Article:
GRAND RAPIDS, Mich. (WOOD) — If you need proof of Grand Rapids’ recovery from the Great Recession, just look up: you’ll find large construction cranes dotting the downtown skyline.

“We’re approaching 1,000 housing units, close to 800 hotel rooms that are, either just come on line or will be opening soon, then around 450,000 square feet of office space,” said Tim Kelly, the vice president for planning and development with Downtown Grand Rapids Inc. “We’re approaching that three quarters of a billion dollars with everything that’s either being built or planned to be built.”

Developers also expect to turn the first piles of dirt on the $110 million Studio C movie theater, residential and hotel complex south of Van Andel Arena.

And the city is mulling over an Indianapolis developer’s plan to turn the current Grand Rapids Public Works site into a 16-acre mixed-use development.

“There’s quite a few things in the pipeline, obviously have to go through their approvals and permits and things, but there’s quite a bit more that’s on the way, we hope,” Kelly said.

But amid all the success building in Grand Rapids, there are concerns. Like where is everyone going to park?

“I have heard from a lot of folks it is an urgent issue. That’s the word I hear a lot,” said Josh Lunger, director of government affairs for the Grand Rapids Chamber of Commerce.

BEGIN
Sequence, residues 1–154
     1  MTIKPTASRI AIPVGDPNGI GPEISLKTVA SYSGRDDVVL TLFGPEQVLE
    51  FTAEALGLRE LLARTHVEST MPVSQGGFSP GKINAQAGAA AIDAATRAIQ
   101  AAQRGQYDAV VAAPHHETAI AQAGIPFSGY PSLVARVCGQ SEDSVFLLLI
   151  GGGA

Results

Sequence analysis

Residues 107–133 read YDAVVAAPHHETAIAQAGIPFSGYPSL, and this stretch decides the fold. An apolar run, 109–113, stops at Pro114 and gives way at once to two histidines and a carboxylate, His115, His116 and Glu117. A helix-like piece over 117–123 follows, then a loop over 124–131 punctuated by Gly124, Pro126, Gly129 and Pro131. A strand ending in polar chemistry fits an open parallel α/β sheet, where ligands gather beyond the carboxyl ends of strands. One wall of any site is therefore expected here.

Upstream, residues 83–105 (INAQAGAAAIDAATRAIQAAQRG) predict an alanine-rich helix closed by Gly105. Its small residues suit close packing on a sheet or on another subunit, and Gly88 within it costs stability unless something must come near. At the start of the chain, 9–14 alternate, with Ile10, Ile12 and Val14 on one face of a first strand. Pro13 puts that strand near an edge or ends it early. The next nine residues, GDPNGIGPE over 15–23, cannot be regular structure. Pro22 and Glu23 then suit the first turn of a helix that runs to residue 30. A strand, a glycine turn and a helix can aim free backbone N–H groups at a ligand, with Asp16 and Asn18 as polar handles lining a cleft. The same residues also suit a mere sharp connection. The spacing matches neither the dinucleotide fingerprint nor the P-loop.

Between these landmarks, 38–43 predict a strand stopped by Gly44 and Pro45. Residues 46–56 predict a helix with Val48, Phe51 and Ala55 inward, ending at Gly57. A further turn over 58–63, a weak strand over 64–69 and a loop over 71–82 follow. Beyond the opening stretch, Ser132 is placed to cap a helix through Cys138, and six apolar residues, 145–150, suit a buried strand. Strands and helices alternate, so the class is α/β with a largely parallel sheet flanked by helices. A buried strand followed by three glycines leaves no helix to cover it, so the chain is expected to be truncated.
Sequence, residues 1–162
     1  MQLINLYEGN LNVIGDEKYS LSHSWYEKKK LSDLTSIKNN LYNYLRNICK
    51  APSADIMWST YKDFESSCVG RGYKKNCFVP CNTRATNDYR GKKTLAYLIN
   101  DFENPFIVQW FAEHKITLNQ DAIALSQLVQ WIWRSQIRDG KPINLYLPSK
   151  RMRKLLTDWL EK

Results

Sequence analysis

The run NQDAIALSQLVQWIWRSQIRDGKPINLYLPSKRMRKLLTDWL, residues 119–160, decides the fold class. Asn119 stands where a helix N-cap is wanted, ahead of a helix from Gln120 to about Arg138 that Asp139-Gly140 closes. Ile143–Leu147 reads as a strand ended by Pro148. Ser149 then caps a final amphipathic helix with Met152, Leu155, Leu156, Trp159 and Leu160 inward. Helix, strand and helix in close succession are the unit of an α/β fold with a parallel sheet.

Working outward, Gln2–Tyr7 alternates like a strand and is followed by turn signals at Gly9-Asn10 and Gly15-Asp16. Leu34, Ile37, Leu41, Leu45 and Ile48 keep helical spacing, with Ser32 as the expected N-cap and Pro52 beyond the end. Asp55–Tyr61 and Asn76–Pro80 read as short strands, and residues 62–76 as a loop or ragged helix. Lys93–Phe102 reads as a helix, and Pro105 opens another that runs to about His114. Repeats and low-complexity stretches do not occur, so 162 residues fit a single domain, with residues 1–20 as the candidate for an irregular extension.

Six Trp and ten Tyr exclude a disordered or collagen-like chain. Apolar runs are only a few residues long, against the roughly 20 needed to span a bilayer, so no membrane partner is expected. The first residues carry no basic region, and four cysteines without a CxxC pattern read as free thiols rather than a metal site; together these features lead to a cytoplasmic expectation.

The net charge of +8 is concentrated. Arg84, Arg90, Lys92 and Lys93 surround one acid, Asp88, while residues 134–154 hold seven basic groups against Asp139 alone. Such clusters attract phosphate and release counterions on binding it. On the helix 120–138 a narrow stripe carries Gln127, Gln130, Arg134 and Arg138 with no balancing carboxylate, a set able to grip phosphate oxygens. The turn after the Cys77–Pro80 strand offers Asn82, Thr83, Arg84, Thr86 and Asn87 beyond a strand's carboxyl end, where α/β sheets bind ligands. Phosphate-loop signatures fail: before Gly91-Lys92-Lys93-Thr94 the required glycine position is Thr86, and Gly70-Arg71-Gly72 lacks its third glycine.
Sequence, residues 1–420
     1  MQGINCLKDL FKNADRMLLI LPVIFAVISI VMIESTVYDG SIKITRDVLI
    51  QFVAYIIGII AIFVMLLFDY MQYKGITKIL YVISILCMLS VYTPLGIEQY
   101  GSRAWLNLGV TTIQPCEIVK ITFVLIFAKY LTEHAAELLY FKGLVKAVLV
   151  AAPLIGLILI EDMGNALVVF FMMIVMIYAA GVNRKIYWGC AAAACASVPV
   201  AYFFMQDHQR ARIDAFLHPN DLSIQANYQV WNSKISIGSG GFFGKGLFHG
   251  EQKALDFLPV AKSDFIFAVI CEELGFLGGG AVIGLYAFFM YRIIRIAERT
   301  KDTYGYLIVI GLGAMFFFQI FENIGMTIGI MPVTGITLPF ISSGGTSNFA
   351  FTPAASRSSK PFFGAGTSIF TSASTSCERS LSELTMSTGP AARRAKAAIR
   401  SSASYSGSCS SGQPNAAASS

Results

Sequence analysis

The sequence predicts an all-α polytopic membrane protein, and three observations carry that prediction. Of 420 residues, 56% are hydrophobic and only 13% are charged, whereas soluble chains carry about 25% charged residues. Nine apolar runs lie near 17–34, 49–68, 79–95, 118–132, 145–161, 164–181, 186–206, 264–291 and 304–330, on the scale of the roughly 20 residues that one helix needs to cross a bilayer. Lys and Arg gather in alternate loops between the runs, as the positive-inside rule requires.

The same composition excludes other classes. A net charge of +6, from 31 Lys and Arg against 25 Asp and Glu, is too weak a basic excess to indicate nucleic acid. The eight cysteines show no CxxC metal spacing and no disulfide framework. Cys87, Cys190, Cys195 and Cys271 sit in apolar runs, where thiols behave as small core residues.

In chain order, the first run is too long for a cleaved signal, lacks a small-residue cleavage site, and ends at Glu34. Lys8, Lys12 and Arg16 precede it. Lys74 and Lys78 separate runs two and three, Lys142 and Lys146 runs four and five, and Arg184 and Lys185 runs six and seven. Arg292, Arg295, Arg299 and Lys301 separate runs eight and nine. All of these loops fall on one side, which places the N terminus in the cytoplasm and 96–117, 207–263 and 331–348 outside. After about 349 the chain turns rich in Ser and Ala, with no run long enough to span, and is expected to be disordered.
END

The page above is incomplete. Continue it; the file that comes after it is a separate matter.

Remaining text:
Even with the 3,500 spaces that are included in the various new developments, some business owners have argued the City needs to create more space.

The City’s philosophy is that you can’t build your way out of a parking shortage and that more emphasis needs to be put on public transit, along with walk- and bike-ability.

The Grand Rapids Chamber of Commerce, along with the City, recently took a parking census.

More than 2,000 respondents provided information including from where they drive in to the city, where they park and other habits. The data from that census is still being analyzed.

Chamber officials are hoping the results of the census help convince policy makers on the Grand Rapids City Commission that the need for more parking can’t be ignored.

“That kind of tackles those issues of being data driven, but also of having a more robust kind of stakeholder engagement process that’s going to be meaningful for those folks who are struggling with parking downtown,” Lunger said. “We don’t want this kind of not having those options on the table burden the employer or do anything to throw up obstacles towards job growth in the downtown.”

While parking remains a concern for the Chamber, Lunger agrees the robust growth downtown is the envy of other metro areas.

But how long can that growth continue? Part of the answer depends on the health of the national economy.

Tim Kelly with Downtown Grand Rapids Inc. remains optimistic, saying that with the new construction that will be underway in the next 12 to 16 months, there will be a significant amount of completed projects.

“With things like the Studio C project and some of the other ones that are planned, there could be a lot of this that will continue in the near future,” he said.